• “The death penalty against heresy, idolatry and blasphemy and barbarous customs of torture were retained. Attendance at public worship was commanded on penalty of three sols. Watchmen were appointed to see that people went to church. The members of the Consistory visited every house once a year to examine the faith and morals of the family. Every unseemly word and act on the street was reported, and the offenders were cited before the Consistory to be either censured and warned, or to be handed over to the Council for severer punishment.”
  • Several women, among them the wife of Ami Perrin, the captain-general, were imprisoned for dancing.
  • A man was banished from the city for three months because on hearing an ass bray, he said jestingly ‘He prays a beautiful psalm.’
  • A young man was punished because he gave his bride a book on housekeeping with the remark: ‘This is the best Psalter.’
  • Three men who laughed during a sermon were imprisoned for three days.
  • Three children were punished because they remained outside of the church during the sermon to eat cakes.
  • A man who swore by the ‘body and blood of Christ’ was fined and condemned to stand for an hour in the pillory on the public square.
  • A child was whipped for calling his mother a thief and a she-devil.
  • A girl was beheaded for striking her parents.
  • A banker was executed for repeated adultery.
  • A person named Chapuis was imprisoned for four days because he persisted in calling his child Claude (a Roman Catholic saint) instead of Abraham.
  • Men and women were burnt to death for witchcraft. (See Pike, pp. 55,56)…”

This is the world envisioned by R. J. Rushdoony, Gary North, Doug Phillips, Bill Gothard, Ron Paul, Rand Paul, Ted Cruz, Keven Swanson, Mike Huckabee, Michele Bachmann, Phyllis Schlafly, Mark Driscoll, Debi & Michael Pearl, Russel Moore, C. J. Mahoney, Al Mohler, Gary DeMar, and so forth and so on.  It is a world that is being financed by the Brother’s Koch, and increasingly influential, politically.  It is the world of Rush Limbaugh, Sean Hannity, and FOX News.  Granted, few of the major players in the scene understand the monster they are helping to unleash.   What they don’t realize, that, when fully empowered, that monster is going to come back and eliminate them for not being holy enough.  I don’t know about you, but I don’t know many people who will be left alive after Gary North’s reign of terror.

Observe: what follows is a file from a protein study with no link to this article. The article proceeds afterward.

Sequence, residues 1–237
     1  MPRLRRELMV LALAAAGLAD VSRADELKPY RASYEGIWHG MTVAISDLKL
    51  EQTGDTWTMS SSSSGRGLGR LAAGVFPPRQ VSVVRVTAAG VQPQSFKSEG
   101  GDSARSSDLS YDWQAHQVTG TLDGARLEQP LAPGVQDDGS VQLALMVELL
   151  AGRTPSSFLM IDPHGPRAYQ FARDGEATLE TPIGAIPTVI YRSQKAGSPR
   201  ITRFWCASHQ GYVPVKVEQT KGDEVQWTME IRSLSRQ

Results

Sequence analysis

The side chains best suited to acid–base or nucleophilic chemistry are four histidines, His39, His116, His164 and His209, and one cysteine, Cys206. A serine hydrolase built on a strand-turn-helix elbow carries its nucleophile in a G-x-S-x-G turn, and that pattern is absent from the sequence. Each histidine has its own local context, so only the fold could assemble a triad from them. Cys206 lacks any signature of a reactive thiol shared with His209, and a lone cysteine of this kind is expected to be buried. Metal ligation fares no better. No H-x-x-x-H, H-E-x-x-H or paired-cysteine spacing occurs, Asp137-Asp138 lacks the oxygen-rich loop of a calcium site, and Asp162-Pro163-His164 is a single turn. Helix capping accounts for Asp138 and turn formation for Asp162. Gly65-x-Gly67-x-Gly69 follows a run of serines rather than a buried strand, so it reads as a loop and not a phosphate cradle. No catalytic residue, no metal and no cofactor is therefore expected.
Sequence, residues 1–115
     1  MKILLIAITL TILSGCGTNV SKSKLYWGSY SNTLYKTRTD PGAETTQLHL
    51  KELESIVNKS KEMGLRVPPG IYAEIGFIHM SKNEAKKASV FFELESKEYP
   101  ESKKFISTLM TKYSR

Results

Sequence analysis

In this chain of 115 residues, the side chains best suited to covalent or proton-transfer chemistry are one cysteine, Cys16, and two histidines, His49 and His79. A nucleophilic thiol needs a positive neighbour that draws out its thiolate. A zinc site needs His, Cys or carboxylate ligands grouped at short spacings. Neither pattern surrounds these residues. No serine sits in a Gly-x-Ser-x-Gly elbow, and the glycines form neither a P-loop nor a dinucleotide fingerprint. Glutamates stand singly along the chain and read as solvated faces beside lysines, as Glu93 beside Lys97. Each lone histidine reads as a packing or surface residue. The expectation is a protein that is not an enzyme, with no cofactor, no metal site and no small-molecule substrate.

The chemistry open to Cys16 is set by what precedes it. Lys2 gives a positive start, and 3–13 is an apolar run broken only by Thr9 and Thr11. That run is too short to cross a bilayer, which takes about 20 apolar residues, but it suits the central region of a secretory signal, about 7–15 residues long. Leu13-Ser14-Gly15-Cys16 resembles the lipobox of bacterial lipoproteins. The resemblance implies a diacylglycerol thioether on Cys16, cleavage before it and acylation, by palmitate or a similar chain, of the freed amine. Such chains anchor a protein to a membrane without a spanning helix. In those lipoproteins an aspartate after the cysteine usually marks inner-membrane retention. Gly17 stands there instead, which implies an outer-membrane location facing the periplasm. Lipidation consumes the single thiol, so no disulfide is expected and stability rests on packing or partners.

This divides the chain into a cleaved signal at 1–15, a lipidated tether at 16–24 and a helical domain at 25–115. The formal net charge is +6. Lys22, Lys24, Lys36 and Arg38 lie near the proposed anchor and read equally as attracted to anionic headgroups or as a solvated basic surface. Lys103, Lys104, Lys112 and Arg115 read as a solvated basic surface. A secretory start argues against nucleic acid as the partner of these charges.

• rape
  • kidnapping
  • murder Death is also the punishment for
  • apostasy (abandonment of the faith)
  • heresy
  • blasphemy
  • witchcraft
  • astrology
  • adultery
  • sodomy or homosexuality
  • incest
  • striking a parent
  • incorrigible juvenile delinquency
  • in the case of women, “unchastity before marriage
  • abortion
  • abortion providers

One needs to understand that both Rushdoony and North consider democracy to be heresy.  Anyone who does not repent and bow to theocratic dictatorships will be executed as heretics – that’s you and me.

“...Rushdoony concludes: “God’s government prevails, and His alternatives are clear-cut: either men and nations obey His laws, or God invokes the death penalty against them.” Reconstructionists insist that “the death penalty is the maximum, not necessarily the mandatory penalty.” However, such judgments may depend less on Biblical Principles than on which faction gains power in the theocratic republic. The potential for bloodthirsty episodes on the order of the Salem witchcraft trials or the Spanish Inquisition is inadvertently revealed by Reconstructionist theologian Rev. Ray Sutton, who claims that the Reconstructed Biblical theocracies would be “happy” places, to which people would flock because “capital punishment is one of the best evangelistic tools of a society.”

The Biblically approved methods of execution include burning (at the stake for example), stoning, hanging, and “the sword.” Gary North, the self-described economist of Reconstructionism, prefers stoning because, among other things, stones are cheap, plentiful, and convenient. Punishments for non-capital crimes generally involve whipping, restitution in the form of indentured servitude, or slavery. Prisons would likely be only temporary holding tanks, prior to imposition of the actual sentence.

People who sympathize with Reconstructionism often flee the label because of the severe and unpopular nature of such views. Even those who feel it appropriate that they would be the governors of God’s theocracy often waffle on the particulars, like capital punishment for sinners and nonbelievers. Unflinching advocates, however, insist upon consistency. Rev. Greg Bahnsen, in his book By This Standard, writes: “We. . .endorse the justice of God’s penal code, if the Bible is to be the foundation of our Christian political ethic.”…”

I suspect most Episcopalians will end up on the chopping block as heretics.  I know I will. This is what we are empowering in this country.  The monster has been unleashed.  How do we stop it?  Does anyone really care?